Dorchester and Caroline counties, along with Baltimore City, are the most vulnerable Maryland jurisdictions when it comes to the multiple impacts of the COVID-19 outbreak, according to data released Wednesday by the Surgo Foundation.
Close behind are Wicomico, Washington and Allegany counties.
Using census tract data, the Washington, D.C.-based think tank compiled categories from the Center for Disease Control’s social vulnerability index with factors unique to the current public health crisis to create the COVID-19 Community Vulnerability index.
The COVID-19 Community Vulnerability Index isn’t used to determine which areas will be hardest-hit on a viral level, but rather where the greatest need for relief will lie.
The CDC’s social vulnerability index uses a number of census factors to assist federal, state and local decision-makers in determining what communities will need the most aid when recovering from or preparing for the outbreak of disease or disaster.
The CDC’s index system determines what areas will have the greatest need based on four factors:
- Socioeconomic status, including people in low-income areas with limited educational opportunities
- Areas with high concentrations of minority populations and language barriers
- Household composition and disability, which encompasses minors, elderly and disabled populations, as well as single-parent households
- Housing type and transportation, including apartment complexes, mobile and multi-family homes and houses with limited access to private or public transportation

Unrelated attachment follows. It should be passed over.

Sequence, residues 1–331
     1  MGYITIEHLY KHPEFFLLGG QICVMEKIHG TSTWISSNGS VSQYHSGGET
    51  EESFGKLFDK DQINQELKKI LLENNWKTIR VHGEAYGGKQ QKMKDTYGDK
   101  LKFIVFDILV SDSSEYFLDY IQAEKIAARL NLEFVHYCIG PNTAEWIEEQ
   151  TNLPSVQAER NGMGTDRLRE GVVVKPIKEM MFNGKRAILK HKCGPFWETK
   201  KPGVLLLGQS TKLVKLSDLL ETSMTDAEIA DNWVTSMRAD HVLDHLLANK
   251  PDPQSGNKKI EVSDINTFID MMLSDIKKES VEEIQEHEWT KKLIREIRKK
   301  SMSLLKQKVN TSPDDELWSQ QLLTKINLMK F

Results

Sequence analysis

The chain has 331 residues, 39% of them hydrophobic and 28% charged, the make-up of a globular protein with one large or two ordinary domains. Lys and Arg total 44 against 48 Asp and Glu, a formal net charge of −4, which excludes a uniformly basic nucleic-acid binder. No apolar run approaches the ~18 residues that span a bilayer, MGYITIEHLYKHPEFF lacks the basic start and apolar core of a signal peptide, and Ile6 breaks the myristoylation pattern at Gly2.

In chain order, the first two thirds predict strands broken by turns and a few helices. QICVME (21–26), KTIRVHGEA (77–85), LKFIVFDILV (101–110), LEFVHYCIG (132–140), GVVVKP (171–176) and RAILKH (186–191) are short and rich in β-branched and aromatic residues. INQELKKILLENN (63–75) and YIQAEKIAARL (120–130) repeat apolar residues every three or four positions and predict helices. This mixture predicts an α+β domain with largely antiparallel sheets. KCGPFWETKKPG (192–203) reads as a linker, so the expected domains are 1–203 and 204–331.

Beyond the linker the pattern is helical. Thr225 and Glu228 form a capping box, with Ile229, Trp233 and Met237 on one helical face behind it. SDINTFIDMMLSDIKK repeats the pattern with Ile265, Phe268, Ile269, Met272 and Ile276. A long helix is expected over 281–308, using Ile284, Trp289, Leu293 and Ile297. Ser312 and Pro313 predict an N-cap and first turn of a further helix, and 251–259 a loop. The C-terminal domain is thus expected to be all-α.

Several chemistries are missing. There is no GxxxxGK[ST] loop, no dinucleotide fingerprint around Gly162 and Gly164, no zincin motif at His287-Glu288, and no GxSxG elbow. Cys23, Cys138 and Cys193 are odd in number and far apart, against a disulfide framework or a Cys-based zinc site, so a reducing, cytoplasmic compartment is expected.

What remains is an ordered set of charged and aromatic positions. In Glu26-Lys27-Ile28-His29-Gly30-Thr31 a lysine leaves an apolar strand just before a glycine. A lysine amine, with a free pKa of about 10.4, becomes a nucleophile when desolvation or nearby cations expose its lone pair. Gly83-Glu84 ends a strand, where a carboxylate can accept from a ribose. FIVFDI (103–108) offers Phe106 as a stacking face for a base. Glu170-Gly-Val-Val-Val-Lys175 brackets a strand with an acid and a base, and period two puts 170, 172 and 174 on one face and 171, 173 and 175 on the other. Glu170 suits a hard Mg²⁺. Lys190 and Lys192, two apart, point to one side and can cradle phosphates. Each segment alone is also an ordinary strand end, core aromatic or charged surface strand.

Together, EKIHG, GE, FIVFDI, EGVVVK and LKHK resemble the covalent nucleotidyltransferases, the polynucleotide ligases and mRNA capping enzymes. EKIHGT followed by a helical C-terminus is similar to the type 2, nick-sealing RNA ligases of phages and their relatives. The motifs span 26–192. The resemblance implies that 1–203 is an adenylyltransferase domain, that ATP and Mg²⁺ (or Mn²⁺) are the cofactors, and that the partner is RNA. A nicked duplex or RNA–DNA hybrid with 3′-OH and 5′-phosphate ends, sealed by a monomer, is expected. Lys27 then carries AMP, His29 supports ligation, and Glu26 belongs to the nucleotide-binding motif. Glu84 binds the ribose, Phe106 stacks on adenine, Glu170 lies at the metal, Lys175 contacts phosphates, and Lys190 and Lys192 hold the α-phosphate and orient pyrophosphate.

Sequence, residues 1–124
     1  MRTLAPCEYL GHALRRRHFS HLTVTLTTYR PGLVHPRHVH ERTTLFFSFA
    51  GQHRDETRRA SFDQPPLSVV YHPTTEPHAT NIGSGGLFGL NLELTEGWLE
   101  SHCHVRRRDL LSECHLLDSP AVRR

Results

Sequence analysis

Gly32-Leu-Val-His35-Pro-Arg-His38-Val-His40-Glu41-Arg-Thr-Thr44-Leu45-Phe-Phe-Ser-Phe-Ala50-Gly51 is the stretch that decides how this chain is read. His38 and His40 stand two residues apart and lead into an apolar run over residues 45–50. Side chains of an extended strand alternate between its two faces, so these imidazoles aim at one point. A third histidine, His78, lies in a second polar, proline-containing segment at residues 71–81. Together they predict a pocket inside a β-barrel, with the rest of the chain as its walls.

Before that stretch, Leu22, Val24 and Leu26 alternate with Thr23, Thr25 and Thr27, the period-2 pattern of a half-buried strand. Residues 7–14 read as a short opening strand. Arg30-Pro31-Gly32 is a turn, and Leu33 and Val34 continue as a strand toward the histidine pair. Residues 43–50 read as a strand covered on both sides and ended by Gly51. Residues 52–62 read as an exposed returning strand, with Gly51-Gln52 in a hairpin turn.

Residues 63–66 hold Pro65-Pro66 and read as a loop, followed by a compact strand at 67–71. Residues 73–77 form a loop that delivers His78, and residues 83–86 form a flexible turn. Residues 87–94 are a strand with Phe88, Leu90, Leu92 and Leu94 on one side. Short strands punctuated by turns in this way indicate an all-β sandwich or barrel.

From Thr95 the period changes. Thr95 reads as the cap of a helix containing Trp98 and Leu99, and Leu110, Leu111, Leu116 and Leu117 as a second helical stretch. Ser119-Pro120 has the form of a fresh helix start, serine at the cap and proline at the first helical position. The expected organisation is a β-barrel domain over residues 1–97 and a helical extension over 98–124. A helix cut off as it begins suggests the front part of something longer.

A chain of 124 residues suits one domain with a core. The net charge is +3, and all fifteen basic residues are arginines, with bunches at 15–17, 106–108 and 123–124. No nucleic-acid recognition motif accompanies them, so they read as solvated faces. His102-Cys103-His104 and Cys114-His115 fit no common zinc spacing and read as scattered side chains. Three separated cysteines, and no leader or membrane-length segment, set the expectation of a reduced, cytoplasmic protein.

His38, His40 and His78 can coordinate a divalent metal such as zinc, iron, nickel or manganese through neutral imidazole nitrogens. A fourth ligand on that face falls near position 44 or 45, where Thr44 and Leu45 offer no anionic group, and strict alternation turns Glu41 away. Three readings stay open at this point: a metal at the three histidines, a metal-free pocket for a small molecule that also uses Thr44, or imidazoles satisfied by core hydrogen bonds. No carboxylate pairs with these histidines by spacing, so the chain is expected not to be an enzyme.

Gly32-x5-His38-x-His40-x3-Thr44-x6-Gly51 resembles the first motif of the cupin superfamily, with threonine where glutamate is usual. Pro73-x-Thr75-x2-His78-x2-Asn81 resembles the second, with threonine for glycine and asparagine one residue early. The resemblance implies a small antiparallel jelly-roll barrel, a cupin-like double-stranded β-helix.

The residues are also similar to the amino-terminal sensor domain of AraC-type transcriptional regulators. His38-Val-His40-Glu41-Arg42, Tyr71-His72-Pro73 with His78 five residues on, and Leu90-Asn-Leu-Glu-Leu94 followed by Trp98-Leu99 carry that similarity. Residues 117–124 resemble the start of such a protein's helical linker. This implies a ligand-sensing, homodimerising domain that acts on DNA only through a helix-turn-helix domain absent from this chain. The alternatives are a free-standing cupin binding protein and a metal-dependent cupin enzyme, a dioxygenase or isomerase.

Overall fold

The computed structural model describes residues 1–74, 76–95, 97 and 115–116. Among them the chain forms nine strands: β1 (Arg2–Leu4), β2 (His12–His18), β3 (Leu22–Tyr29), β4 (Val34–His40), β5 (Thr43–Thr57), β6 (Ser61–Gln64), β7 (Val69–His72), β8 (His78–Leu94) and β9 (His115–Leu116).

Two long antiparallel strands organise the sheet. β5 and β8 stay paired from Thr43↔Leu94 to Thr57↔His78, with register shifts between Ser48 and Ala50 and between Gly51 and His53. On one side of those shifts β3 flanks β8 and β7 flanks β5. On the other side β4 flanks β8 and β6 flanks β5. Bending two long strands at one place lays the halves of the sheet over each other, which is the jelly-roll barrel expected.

The COVID-19 Community Vulnerability Index uses these four standards as well as two factors specific to the coronavirus pandemic to determine areas that will see the largest disparities. These include:
- Epidemiologic variables, or a community’s health risk based on pre-existing conditions
- Factors surrounding the limits of state and local healthcare systems
Overall scores and those for each of the six individual categories are then given at a state and county level, including Washington, D.C., on a scale of zero to one.
Those with the scores closest to one represent the most vulnerable locales.
To determine scores, the Surgo Foundation used data from the CDC, the U.S. Bureau of Labor Statistics and the U.S. Census Bureau, among other organizations.
The state of Maryland’s overall score is .42 — ranking 30th out of 51. New Hampshire was the least vulnerable overall with a score of zero; Mississippi was the most susceptible state, receiving a ranking of one.
A data analysis conducted by the Surgo Foundation found that just over 70% of the nation’s most vulnerable populations live in the South. While Maryland is represented in this group, it ranked at the lower end of the spectrum just above Delaware and D.C.
Notably, Maryland’s vulnerability scores ranked 11th highest in the nation for the minority status and language category, and 16th for epidemiological factors.
In a breakdown of Maryland jurisdictions, Baltimore City came out on top with the highest overall vulnerability ratings. The lowest rating was seen in Queen Anne’s County.
Caroline County had the highest score for health care system factors; Somerset County was ranked most vulnerable for both socioeconomic and housing and transportation variables; Carroll County is projected to experience the greatest issue with epidemiological factors; Dorchester County may see the state’s biggest disparity regarding household composition and disability; and Prince George’s County is poised to see the highest ranking in minority vulnerabilities.
To see where each of Maryland’s 24 counties rate in all six categories, see the chart below: